The Supreme Court did not order the government to rehabilitate Manila Bay by dumping crushed dolomite on the artificial white sand beach that the Department of Environment and Natural Resources (DENR) created on a 500-meter portion of the bay’s coastline, Sen. Nancy Binay said on Friday.
“The [high court’s] mandamus order is intended to clean the water and not to create [artificial] beach in Manila Bay,” Binay reminded Environment Secretary Roy Cimatu, referring to the Supreme Court’s 2008 ruling that directed 13 government agencies to clean up Manila Bay.
“The aim is to improve the water quality. And the issue now is that because we have limited funds, the money should have been used for projects that will clean the water [in Manila Bay],” she said at the hearing in the Senate on the DENR’s proposed P25.5-billion budget for 2021.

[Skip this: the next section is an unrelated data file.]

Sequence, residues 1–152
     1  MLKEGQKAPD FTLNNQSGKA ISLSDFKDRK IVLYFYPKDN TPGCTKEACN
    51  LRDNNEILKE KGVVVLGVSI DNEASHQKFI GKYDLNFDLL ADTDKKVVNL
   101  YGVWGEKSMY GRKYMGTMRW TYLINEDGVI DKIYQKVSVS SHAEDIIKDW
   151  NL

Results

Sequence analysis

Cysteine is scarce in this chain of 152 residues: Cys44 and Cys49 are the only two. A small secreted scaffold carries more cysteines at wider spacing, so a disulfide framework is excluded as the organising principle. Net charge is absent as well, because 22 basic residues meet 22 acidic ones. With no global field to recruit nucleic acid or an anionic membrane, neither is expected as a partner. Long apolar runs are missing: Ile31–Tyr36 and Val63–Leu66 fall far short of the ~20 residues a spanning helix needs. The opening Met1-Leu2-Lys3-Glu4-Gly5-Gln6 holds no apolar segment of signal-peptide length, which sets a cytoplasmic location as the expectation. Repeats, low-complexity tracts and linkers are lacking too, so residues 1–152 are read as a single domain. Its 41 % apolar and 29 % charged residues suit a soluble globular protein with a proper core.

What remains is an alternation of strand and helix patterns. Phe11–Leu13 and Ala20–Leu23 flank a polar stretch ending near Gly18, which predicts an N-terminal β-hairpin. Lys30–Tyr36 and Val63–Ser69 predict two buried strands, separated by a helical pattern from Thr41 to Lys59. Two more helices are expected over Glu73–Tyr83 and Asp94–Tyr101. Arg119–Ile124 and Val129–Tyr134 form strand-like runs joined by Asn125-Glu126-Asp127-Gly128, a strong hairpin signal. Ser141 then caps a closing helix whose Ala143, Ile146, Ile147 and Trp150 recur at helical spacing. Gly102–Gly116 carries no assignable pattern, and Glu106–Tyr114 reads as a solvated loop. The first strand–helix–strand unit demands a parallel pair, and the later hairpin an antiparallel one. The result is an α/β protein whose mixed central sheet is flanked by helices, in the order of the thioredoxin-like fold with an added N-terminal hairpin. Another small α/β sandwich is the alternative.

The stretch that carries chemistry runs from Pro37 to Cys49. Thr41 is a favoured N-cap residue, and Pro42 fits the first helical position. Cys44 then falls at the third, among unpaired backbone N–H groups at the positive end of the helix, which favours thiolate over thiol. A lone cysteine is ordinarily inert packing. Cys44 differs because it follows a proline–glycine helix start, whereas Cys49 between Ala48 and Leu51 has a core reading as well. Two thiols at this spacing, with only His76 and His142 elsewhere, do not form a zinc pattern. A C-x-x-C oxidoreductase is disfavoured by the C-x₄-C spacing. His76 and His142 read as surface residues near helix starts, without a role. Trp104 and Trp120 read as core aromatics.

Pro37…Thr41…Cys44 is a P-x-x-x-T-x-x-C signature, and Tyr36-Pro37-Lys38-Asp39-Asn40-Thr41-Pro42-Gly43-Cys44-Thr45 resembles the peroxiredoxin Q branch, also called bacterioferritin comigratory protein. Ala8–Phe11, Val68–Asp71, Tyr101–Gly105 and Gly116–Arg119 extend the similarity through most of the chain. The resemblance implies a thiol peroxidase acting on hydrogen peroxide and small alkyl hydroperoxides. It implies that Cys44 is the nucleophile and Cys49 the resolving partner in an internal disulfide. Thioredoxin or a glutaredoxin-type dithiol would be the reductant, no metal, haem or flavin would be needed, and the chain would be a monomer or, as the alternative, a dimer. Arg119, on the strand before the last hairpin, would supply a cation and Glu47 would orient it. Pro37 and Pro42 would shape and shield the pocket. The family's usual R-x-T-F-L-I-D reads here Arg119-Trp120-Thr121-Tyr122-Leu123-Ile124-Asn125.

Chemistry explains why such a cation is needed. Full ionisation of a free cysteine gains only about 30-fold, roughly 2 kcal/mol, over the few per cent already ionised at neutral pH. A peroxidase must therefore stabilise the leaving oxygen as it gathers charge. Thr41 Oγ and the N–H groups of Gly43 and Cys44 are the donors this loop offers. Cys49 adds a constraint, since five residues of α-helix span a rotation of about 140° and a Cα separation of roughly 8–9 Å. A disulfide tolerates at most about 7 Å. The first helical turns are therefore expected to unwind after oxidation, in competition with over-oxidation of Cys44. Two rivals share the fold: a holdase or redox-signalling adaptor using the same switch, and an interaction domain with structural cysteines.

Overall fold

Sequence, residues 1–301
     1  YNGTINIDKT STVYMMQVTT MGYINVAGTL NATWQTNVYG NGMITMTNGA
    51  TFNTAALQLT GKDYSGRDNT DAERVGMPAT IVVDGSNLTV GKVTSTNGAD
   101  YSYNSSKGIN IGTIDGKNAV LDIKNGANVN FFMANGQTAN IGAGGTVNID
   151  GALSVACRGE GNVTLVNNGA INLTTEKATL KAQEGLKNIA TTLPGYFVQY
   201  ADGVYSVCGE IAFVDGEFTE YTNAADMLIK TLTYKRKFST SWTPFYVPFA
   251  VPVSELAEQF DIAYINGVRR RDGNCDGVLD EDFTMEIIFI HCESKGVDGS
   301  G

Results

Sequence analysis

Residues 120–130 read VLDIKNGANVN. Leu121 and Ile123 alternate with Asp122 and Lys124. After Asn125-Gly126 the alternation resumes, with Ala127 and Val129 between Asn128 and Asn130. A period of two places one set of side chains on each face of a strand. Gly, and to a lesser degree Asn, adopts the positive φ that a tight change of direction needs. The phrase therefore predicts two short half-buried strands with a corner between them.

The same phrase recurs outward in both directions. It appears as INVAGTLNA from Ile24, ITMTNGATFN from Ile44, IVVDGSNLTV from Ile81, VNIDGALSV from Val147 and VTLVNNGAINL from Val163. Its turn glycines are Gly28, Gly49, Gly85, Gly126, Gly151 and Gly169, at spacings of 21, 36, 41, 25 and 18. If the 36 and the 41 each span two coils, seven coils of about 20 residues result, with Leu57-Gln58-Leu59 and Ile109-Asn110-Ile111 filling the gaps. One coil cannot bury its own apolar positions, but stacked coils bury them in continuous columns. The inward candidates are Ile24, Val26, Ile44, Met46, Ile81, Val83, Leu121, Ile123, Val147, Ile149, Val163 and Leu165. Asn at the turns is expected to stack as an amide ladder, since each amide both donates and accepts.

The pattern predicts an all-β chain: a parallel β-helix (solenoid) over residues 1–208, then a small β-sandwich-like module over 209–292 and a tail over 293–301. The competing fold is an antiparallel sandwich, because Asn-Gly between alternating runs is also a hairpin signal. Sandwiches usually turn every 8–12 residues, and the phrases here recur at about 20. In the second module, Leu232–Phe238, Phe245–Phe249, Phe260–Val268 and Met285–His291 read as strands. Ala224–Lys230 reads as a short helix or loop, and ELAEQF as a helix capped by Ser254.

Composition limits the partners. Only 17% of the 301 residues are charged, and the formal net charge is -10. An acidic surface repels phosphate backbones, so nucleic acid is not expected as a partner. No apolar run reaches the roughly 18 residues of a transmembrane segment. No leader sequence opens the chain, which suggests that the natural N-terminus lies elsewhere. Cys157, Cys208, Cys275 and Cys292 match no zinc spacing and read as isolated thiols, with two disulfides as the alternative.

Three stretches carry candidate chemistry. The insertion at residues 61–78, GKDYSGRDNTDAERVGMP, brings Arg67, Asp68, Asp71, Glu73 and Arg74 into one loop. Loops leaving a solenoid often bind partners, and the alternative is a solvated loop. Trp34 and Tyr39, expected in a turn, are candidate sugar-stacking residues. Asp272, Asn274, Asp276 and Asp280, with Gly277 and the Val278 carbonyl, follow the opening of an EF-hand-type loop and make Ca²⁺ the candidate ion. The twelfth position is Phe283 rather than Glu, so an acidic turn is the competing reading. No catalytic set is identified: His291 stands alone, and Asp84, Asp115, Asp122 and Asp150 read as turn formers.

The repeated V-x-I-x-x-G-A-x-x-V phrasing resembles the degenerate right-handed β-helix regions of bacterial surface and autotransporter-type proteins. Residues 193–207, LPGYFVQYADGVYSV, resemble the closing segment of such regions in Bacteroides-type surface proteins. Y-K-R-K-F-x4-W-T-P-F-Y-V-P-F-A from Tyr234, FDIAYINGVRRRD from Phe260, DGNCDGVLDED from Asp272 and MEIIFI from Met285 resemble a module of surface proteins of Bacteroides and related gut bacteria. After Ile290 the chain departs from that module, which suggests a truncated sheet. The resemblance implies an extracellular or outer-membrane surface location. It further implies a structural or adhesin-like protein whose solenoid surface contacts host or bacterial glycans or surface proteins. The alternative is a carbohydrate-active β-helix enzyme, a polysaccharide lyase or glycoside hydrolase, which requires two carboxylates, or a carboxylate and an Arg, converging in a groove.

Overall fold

Cimatu said the DENR spent P398 million for the entire rehabilitation project of that portion of Manila Bay, including P28 million for the purchase and transport of the crushed dolomite from Cebu.
Sen. Imee Marcos pointed out that the artificial white sand laid over the original beach sand had apparently been washed away by the recent strong rains in Metro Manila as shown in photos and videos shared on social media.
She also quizzed the environment officials why they stopped the dumping of the dolomite if the crushed mineral was not hazardous as claimed by critics of the project.
Sen. Cynthia Villar, who presided over the budget hearing, asked Cimatu to demand water concessionaires Manila Water and Maynilad to complete the construction and operations of water treatment facilities as mandated in their concession contracts to help rehabilitate Manila Bay.
Villar also appealed to Cimatu to reject all reclamation projects in Manila Bay that would imperil the protected wetlands and residential areas in the cities of Las Piñas and Parañaque.
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